The Thin Line Between Passion and Obsession - Part 1
How to do what you love without becoming addicted
Posted Oct 25, 2016
Until a couple of decades ago, academic discussions about passion were limited to only one context: interpersonal relationships. In Robert Sternberg’s triangular theory of love (not the same as a love triangle!) passion is one of the three kinds of love (intimacy and commitment are the other two).
In the context of love, passion refers to the attraction and excitement that you feel in the beginning of a romantic relationship. It’s what happens when you have a crush on someone and you can’t stop thinking about them.
In more recent years, psychologists started wondering, what if the object of your passion is not another person, but instead, it’s an activity. Is it possible to have such an irresistible desire to engage in our own pursuits? Can we fall passionately in love with what we do?
Of course we can.
Robert Vallerand, a social psychologist at the Université du Québec à Montréal, is one of the researchers who is passionate about studying people’s passion for activities. The research that he and his colleagues are doing shows that being passionate promotes psychological health and makes life meaningful and fulfilling.
Alas, nothing comes without a price. A few months ago, I wrote a post about the bright and dark side of perfectionism. Perfectionism can be a source of diligence and motivation that leads to growth, or a source of stress and frustration that leads to self-punishment.
In a similar way, passion has a bright and a dark side. Just like falling in love with a person can turn into an obsession, so can falling in love with what you do. Your passions can cross the line into obsessions, and instead of becoming a source of joy they turn into a source of misery.
Vallerand and his colleagues identified two kinds of passion. Harmonious passion is the good kind. Harmonious passion means that you engage in activities that you enjoy, that you have find important, and on which you spend considerable amounts of time.
The most important feature of harmonious passion is that everything you do, you do out of your own free will. You can start and stop what you’re doing whenever you choose to stop. Or whenever it makes sense to stop. For example, if you like running, you make sure that you have a regular running schedule, which doesn’t interfere with other important activities in your life, like work or family obligations. You may spend time browsing running websites and blogs, reading magazines, and watching videos, in order to stay up to date with the latest techniques to improve performance and prevent injury. You may spend a lot of time in stores looking for new gear. You could also sign up for a short-distance run once in a while, to maintain your motivation and conditioning. Sometimes you skip runs, because the weather is bad, your schedule is too busy, or you just don’t feel like it. Spending an extra hour with your loved ones sounds like a good alternative.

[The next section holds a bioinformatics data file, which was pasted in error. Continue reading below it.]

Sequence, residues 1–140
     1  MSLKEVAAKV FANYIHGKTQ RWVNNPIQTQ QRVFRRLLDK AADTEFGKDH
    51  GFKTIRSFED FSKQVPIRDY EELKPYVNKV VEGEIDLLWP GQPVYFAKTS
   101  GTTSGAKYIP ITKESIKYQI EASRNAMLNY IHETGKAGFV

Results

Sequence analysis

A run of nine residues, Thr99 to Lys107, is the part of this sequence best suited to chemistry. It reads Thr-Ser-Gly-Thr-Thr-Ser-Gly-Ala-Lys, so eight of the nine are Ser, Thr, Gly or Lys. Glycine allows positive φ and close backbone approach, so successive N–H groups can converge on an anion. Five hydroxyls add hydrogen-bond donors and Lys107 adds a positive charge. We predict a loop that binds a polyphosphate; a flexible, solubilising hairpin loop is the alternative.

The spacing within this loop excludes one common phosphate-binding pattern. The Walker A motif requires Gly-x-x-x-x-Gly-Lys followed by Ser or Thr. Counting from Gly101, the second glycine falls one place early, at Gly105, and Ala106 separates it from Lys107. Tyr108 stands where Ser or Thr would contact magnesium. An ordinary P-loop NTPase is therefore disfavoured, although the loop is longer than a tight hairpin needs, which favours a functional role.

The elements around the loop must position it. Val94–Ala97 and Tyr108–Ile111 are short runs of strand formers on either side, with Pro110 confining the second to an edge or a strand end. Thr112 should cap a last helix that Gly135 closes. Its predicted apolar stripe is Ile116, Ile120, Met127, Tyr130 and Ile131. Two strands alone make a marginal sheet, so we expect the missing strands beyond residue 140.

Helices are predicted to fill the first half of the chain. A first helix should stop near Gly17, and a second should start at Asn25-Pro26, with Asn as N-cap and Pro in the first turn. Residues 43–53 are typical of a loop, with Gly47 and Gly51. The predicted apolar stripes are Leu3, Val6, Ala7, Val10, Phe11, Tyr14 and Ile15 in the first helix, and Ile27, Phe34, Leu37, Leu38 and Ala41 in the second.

Then, there is obsessive passion. The dark side of passion. There are many similarities between obsessive and harmonious passion: You spend considerable amounts of time doing something that you enjoy and you find important..
But there is one difference. When your passion is of the obsessive variety, you no longer have control over it. You can’t start and stop as you wish. You become addicted to the excitement you get from it. You start prioritizing your passion, over other activities and commitments. When you can’t engage in it, you become restless and frustrated. Take running, for example. Unless you go for a run in the morning, you’re in a foul mood all day. You may start going to work late, taking longer lunch breaks, or asking someone else to pick up the kids from school, so that you can fit in your run. You won’t let things like freezing rain or icy roads get in the way of your running routine, even though you risk getting sick or injured. When you skip a day, you feel like a wimp or a slacker, you worry about the impact on your performance or your weight, and you come up with good excuses in case your running buddies ask you why you skipped. Your passion has just crossed that thin line.
What struck me the most about this concept of too much passion, the dualistic model of passion, as it is formally called, is that till now I thought that the problem that most people were dealing with was lack of passion. Many of my clients are struggling to find passion, some of my friends and family often complain about their lack of passion for anything, and even I have had times in my life when I thought I had run out of passion for what I do. The dualistic model of passion, the fact that passion could result either in harmony or in obsession, made me re-evaluate some of the things that I do, only to realize that I had crossed that thin line from harmonious to obsessive passion a few times, without being aware of the consequences.
I invite you to go over some of the things that you are passionate about, whether they involve work, relationships, family, recreation, sports, politics, civil rights, religious practices, hobbies, and so on, and run a quick check. On which side of the thin line do your passions fall?
While having a passion, or many passions, can be a source of joy and fulfillment, it is important to be mindful when you are letting your passion become a fixation. How do you keep your passion harmonious? How do you prevent if from becoming obsessive?